In this issue of Clinical Diabetes, Leena A. Ahmad, MD, and Jill P. Crandall, MD, provide a comprehensive review of the data on type 2 diabetes prevention (p. 53). One cannot help but notice the magnitude of benefit (a reduction of anywhere from 25 to 60%) of a variety of modalities (e.g., lifestyle, medication, and surgery) for those who are at high risk (traditionally those with impaired glucose tolerance) for developing type 2 diabetes. It is difficult to think of many chronic diseases for which the evidence base for prevention is so robust and the magnitude of benefit so large.

Although the benefits of efforts to prevent or delay type 2 diabetes have been known for nearly a decade, the incidence and prevalence of diabetes continue to rise. Explanations and attempts to bridge the gap between what we know and what we do usually fall under the purview of translational research. Specifically, individuals in this field are charged with generating and testing hypotheses about the “how” of moving care to where we ought to be in light of what we know. The issue is less “What is the right thing to do?” and more “How can we best accomplish what we know we need to do?”

Many efforts have tried to bridge this gap: Teach new learners evidence-based medicine. Equip physicians to communicate better. Start disease management companies. Design and distribute better information technology. Do community-based participatory research. Increase funding for translational research that includes sustainability and scalability.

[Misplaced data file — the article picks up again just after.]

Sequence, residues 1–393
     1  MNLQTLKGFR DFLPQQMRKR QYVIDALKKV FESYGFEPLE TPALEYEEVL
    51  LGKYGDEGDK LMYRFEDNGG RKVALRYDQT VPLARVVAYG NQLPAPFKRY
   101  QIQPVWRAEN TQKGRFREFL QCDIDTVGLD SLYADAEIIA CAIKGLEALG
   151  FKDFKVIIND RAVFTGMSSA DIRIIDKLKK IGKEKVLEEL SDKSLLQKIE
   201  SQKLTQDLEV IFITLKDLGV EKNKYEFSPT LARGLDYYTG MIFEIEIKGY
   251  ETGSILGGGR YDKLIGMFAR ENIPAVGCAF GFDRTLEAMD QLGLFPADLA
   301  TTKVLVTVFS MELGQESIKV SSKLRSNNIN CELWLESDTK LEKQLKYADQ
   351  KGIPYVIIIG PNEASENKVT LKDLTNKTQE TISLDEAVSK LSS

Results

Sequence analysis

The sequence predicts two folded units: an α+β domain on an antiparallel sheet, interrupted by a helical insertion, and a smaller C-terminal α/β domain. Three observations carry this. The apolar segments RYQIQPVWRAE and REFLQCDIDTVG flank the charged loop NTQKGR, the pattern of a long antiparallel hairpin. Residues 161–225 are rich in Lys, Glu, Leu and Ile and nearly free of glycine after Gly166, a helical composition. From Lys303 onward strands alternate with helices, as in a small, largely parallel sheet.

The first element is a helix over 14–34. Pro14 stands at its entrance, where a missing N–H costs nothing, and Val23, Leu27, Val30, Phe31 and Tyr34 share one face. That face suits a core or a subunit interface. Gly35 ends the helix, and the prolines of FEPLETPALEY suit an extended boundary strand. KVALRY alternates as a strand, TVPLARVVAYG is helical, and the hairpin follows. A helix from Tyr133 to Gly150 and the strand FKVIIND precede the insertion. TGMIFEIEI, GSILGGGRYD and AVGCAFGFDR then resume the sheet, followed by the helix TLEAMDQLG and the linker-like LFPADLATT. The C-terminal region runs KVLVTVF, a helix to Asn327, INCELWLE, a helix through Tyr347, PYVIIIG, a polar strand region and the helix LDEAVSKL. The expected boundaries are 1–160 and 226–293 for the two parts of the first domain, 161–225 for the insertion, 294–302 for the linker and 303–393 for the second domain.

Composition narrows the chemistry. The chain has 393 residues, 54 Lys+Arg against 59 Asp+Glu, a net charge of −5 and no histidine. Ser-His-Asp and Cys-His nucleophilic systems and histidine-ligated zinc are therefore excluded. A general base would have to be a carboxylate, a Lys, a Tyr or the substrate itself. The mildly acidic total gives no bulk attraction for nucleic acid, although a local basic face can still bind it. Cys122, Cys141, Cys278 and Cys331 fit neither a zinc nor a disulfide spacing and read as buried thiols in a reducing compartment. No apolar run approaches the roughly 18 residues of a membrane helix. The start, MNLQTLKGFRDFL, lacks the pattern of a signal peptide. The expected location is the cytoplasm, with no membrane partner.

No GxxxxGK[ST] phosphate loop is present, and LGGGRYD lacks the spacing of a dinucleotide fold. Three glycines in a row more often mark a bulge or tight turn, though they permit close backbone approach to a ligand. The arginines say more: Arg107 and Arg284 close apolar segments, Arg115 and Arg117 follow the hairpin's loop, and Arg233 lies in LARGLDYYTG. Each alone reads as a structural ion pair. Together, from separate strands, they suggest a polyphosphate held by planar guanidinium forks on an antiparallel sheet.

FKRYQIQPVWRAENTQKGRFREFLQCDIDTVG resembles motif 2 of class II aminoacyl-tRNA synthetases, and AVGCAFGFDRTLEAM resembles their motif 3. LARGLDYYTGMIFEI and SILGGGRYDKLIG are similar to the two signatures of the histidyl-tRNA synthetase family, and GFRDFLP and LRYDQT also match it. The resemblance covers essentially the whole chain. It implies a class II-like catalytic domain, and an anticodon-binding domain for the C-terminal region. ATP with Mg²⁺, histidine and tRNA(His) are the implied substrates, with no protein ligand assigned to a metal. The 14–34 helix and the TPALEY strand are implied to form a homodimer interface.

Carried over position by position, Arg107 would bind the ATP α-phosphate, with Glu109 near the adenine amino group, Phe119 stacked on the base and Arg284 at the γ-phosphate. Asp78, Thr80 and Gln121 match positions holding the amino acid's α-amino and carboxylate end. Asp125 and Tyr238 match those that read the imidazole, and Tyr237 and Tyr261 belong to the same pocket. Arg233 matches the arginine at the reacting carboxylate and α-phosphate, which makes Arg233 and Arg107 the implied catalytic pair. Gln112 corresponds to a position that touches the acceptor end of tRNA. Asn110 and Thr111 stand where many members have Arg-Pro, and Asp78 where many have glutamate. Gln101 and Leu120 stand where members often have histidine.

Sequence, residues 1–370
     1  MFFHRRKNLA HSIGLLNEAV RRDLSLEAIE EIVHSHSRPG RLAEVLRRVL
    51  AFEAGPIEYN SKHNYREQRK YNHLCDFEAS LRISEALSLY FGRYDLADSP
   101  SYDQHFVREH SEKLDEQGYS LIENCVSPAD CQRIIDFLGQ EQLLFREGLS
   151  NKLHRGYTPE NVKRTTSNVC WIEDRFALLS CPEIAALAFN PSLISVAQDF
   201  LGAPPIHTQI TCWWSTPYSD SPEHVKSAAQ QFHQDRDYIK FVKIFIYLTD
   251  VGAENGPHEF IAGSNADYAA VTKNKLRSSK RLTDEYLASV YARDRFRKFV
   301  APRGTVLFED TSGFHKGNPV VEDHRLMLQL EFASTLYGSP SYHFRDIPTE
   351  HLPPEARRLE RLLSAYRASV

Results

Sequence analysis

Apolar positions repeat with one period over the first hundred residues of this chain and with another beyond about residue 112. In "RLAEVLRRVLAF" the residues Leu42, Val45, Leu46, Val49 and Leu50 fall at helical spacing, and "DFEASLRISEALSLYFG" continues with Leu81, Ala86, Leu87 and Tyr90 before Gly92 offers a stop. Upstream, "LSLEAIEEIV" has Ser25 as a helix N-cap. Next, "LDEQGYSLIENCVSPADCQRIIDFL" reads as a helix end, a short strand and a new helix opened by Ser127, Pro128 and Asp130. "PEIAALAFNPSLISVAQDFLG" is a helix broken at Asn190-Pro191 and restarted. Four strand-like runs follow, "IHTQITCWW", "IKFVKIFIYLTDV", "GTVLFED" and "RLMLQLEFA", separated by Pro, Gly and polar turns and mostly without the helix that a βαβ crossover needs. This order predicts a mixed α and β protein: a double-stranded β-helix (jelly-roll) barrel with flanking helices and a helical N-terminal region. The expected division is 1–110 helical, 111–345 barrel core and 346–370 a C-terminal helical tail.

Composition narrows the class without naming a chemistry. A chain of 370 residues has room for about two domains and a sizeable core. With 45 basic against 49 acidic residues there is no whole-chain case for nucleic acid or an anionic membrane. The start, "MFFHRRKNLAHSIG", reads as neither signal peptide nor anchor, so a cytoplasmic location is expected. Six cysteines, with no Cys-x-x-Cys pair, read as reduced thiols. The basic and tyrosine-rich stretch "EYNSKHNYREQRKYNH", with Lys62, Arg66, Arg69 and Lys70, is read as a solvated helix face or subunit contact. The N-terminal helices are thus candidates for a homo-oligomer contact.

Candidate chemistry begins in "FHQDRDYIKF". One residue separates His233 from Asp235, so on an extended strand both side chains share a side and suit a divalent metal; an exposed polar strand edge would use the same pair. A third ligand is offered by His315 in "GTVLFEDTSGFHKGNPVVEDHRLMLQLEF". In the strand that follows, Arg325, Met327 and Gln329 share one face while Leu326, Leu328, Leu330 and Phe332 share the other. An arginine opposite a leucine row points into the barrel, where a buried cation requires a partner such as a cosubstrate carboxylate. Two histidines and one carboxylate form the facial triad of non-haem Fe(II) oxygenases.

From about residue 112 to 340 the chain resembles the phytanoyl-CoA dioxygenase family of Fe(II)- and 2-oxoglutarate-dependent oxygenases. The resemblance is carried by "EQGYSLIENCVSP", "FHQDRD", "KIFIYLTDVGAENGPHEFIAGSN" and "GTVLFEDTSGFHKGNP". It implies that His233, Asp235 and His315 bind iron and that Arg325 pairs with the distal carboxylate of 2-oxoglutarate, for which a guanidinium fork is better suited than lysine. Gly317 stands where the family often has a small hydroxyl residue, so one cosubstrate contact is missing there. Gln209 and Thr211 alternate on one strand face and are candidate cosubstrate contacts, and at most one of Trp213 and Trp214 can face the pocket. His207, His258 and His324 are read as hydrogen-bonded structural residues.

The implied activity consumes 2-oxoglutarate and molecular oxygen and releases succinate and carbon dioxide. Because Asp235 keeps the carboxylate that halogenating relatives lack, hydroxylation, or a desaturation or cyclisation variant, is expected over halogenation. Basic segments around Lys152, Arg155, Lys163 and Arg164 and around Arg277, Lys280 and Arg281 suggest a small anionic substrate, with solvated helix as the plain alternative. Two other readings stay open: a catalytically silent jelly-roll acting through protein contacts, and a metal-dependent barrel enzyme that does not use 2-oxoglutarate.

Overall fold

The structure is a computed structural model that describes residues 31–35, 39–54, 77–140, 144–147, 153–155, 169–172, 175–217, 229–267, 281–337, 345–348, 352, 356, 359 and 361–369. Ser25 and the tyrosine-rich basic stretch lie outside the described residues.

Many of these efforts have had some success. But that success has been limited, largely because these efforts rarely grasp the levers of change, and even when they are grasped, the grip is not sufficiently strong to effect change.

I believe that our efforts need two fundamental changes. First, we need to develop a new specialty of individuals whose expertise is in Implementation Science. These individuals would draw attributes from several disciplines and focus more on the intersection of policy and practice. There is too much fragmentation of efforts and talents.

Such experts would understand complexity science, principles of industrial engineering, know ledge management, and participatory methods and would also be grounded in the business of health care. We have too many individuals trying to translate knowledge whose skill sets are too narrow for the task at hand. Although good leaders are good at assembling talents that match the task at hand, these leaders should at least be conversant with the tasks themselves. We have too few individuals.

Second, we need efforts more potent than a Red Ryder BB gun. These efforts should involve large-scale collaborations that appreciate the complexity of the problem of translation. Few of these efforts will be randomized, controlled trials. We simply cannot continue to randomize a couple of hundred people to test one specific effect on one specific outcome if our goal is to translate knowledge and implement sustainable, scalable improvement. Although this is a clean and crisp approach, it is weak.

Type 2 diabetes can be delayed and possibly prevented. We should continue our efforts to prevent this disease. Our efforts will be accelerated and amplified if we use this problem as an opportunity to develop a new specialty in Implementation Science whose practitioners will employ appropriately potent and comprehensive efforts.